• What affiliation can you solicit from the reader? For my mother’s memoir We Were Not Spoiled, I chose the subtitle: A Franco Memoir Any person in our ethnic group would intuit immediately that the memoir was possibly of interest.

As you choose a title for a memoir, think: marketing opportunity!

When you choose a title for a memoir, you are engaging in a marketing opportunity. Certainly for the reader, it is often her initial contact with you. Without maximizing on marketing opportunities of which the title is often the first, an author remains without readers. Most of us do not want this.

Since all memoirs are about “me,” if you choose a title for a memoir like “Memories of Me,” what does that add to the reader’s sense of what s/he might expect? Many things are competing for the reader’s attention, a title needs to be a player in the competition. “Memories of a Slave Girl” is certainly more captivating.

Can you see why the author of Felice’s Worlds changed his title to Art of a Jewish Woman: The True Story of How a Penniless Holocaust Escapee Became an Influential Modern Art Connoisseur?

A writer must choose a title for a memoir strategically. Do you have favorite titles? Please share them below.

Whatever you do today, write a bit on your memoir.

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5 Responses to How to Choose a Title for A Memoir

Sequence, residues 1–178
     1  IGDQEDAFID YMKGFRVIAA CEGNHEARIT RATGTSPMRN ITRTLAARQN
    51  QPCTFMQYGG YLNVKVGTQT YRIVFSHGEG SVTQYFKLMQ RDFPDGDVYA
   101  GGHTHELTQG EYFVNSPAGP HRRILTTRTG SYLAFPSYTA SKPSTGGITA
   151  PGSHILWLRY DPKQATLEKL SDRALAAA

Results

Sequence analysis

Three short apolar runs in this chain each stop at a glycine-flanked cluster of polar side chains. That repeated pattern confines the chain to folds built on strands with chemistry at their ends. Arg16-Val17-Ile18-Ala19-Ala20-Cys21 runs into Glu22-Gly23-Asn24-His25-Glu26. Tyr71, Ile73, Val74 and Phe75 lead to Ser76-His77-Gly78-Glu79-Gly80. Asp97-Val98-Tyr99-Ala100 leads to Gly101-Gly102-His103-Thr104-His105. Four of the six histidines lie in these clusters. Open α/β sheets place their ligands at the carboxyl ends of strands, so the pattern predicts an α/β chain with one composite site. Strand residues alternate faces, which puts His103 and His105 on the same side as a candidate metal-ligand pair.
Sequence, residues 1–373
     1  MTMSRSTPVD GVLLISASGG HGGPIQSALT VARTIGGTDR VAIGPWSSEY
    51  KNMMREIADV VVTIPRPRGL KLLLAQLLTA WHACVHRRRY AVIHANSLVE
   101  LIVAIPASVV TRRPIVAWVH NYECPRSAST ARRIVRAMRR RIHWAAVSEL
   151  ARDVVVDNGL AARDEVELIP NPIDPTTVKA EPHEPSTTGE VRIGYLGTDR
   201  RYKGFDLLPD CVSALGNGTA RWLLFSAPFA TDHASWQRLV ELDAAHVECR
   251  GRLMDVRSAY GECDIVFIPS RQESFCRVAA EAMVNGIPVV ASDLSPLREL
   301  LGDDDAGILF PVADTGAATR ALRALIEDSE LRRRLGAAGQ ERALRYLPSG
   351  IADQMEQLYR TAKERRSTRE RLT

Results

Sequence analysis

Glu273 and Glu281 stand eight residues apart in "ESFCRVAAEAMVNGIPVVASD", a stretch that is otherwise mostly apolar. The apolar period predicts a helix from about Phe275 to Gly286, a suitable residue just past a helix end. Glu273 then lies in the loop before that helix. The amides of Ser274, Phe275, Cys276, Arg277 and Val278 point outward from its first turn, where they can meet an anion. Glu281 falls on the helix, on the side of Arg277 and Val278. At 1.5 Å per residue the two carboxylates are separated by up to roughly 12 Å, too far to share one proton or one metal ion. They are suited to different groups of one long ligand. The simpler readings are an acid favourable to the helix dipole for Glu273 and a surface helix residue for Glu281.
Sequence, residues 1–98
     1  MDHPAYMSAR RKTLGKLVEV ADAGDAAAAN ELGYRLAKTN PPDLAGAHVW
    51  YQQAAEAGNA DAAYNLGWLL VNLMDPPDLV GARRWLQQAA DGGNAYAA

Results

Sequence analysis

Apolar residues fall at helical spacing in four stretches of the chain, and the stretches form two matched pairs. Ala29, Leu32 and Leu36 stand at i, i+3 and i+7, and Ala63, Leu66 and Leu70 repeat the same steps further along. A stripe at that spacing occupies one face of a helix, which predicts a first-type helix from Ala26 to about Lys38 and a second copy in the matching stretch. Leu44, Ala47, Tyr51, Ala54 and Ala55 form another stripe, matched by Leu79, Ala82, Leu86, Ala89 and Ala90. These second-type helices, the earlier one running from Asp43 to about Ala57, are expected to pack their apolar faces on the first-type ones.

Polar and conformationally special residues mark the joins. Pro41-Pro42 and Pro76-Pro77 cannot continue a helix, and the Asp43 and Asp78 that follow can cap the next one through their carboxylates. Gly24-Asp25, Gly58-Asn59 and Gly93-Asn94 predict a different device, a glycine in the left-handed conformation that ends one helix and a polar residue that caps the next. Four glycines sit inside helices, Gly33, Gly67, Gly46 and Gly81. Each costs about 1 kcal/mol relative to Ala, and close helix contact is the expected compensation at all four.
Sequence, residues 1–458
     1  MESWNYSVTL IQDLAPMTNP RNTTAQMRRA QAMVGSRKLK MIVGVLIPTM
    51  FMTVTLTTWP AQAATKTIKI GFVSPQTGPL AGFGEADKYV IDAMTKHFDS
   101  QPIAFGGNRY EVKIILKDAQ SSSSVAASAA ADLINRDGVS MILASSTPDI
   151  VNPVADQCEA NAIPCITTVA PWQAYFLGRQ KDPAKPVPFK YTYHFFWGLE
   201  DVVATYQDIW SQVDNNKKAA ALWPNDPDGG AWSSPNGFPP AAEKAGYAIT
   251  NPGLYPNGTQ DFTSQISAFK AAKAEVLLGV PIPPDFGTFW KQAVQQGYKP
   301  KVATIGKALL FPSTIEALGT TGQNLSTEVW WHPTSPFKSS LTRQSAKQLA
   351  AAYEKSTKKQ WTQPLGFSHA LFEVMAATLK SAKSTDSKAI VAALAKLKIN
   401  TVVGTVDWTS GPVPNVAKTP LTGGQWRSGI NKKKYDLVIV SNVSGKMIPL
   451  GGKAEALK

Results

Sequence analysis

1. Avatar
    Charlotte Hyatt February 23, 2018 at 11:08 PM #

    I am glad to see this. I want to have a meaningful title, something that will be meaningful both myself and the reader. I agree, it is the reader’s interest and attention you want to catch.

    I have been thinking of “3-wheeled Annie – life with Ataxia! Hopefully, people will want to know what that is.

  2. Avatar
    Denis Ledoux March 3, 2018 at 12:16 PM #

    I would say there is too much that is unknown in your title. Enlist the empathy of the reader more.

    Something better might be: Saving Annie / Making a Life after Ataxia or Ataxia Needn’t Destroy Your Life/ How One Woman Coped with Degenerative Nerve Disease.

    In a sense, your title has to be a little story in itself. Better than evoking a thought, it ought to evoke a feeling.

    I hope this helps.

  3. Avatar
    Charlotte Hyatt July 16, 2018 at 9:57 PM #

    Thanks Denis. That is more engaging.

    I have not disciplined myself to the 30 minutes a day (or whatever time frame I decide on) I need to feel productive. I am to old to be a “work in progress”, but I am. The book series won’t leave me alone so I HAVE to get it down on paper and out of my head.

  4. Avatar
    Rennie June 17, 2019 at 1:07 PM #

    Do you always recommend a sub-title?

    I am writing “The moon for Yemsi” – story of my adopted son, legally blind, and we spent months looking for the moon until he
    was finally able to see it.
    Juxtaposed to the search for permanence and peace for him.

  5. Avatar
    Denis Ledoux June 17, 2019 at 6:50 PM #

    Rennie, Lovely concept for your memoir.

    I do usually have a subtitle as I like the clarity it creates for its intended audience. Our books generally address specific audiences, and a subtitle make sit clear which audience we are focused on. My mother’s memoir mentioned above had a title that I loved but it did not say to its audience, “Hey this is for you!’ My subtitle said just that. To quote from above:

    “For my mother’s memoir We Were Not Spoiled, I chose the subtitle: A Franco Memoir. Any person in our ethnic group would intuit immediately that this memoir was possibly of interest.”